Dural arteriovenous fistulas are relatively rare. Some cases are difficult to diagnose, leading to unnecessary investigations, treatments and delays, particularly if the presentation is atypical. We report a case of a man who presented with progressive dementia and bulbar symptoms, both under-recognised non-haemorrhagic neurological deficits, caused by cortical venous hypertension. Brain imaging showed unusual bilateral thalamic, tectal plate and midbrain oedema. The patient was investigated and treated for alternative aetiologies, before being correctly diagnosed and managed using angiographic embolisation. His clinical and radiological signs improved significantly following treatment, reducing his risk of neurological morbidity and mortality.
- dementia, vascular
- interventional radiology
- brain stem / cerebellum
Statistics from Altmetric.com
Contributors CAH created the initial manuscript of the case. DS selected and edited the MRI and angiographic sequences and created the corresponding headings. He also contributed in the manuscript review. ELT setup the aims and objectives of the first manuscript as well as reviewed and created the final version.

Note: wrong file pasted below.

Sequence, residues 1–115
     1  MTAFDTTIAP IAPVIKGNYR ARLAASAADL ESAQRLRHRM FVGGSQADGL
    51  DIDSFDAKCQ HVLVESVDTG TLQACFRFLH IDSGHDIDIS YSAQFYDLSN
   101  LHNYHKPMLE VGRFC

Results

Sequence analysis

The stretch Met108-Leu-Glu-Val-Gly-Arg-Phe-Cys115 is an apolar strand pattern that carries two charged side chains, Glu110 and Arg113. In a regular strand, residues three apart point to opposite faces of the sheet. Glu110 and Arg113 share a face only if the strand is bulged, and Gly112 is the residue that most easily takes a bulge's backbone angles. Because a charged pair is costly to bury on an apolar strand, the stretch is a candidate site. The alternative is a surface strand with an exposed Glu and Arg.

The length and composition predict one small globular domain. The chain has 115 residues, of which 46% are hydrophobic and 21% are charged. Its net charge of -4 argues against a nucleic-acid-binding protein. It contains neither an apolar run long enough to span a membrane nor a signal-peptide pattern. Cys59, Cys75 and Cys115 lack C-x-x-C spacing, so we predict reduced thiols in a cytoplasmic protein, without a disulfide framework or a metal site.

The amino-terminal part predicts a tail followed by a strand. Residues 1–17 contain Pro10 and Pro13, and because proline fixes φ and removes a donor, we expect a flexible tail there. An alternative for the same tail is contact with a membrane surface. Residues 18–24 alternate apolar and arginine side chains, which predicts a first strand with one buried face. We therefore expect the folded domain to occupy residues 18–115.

Funding The authors have not declared a specific grant for this research from any funding agency in the public, commercial or not-for-profit sectors.
Competing interests None declared.
Patient consent for publication Obtained.
Provenance and peer review Not commissioned; externally peer reviewed.
If you wish to reuse any or all of this article please use the link below which will take you to the Copyright Clearance Center’s RightsLink service. You will be able to get a quick price and instant permission to reuse the content in many different ways.